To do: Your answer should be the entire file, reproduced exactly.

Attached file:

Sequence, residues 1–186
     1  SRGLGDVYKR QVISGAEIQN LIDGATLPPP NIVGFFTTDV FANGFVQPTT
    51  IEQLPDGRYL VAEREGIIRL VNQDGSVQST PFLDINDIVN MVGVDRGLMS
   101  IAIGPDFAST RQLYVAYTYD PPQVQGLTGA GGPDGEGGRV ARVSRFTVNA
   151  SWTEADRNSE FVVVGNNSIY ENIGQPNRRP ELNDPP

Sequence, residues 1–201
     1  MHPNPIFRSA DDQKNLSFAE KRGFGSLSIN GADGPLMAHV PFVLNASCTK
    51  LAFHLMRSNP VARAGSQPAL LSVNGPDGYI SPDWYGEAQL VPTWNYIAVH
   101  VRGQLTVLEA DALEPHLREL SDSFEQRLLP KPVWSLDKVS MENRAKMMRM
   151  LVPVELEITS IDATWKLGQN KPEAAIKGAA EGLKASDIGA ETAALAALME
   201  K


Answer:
Sequence, residues 1–186
     1  SRGLGDVYKR QVISGAEIQN LIDGATLPPP NIVGFFTTDV FANGFVQPTT
    51  IEQLPDGRYL VAEREGIIRL VNQDGSVQST PFLDINDIVN MVGVDRGLMS
   101  IAIGPDFAST RQLYVAYTYD PPQVQGLTGA GGPDGEGGRV ARVSRFTVNA
   151  SWTEADRNSE FVVVGNNSIY ENIGQPNRRP ELNDPP

Sequence, residues 1–201
     1  MHPNPIFRSA DDQKNLSFAE KRGFGSLSIN GADGPLMAHV PFVLNASCTK
    51  LAFHLMRSNP VARAGSQPAL LSVNGPDGYI SPDWYGEAQL VPTWNYIAVH
   101  VRGQLTVLEA DALEPHLREL SDSFEQRLLP KPVWSLDKVS MENRAKMMRM
   151  LVPVELEITS IDATWKLGQN KPEAAIKGAA EGLKASDIGA ETAALAALME
   201  K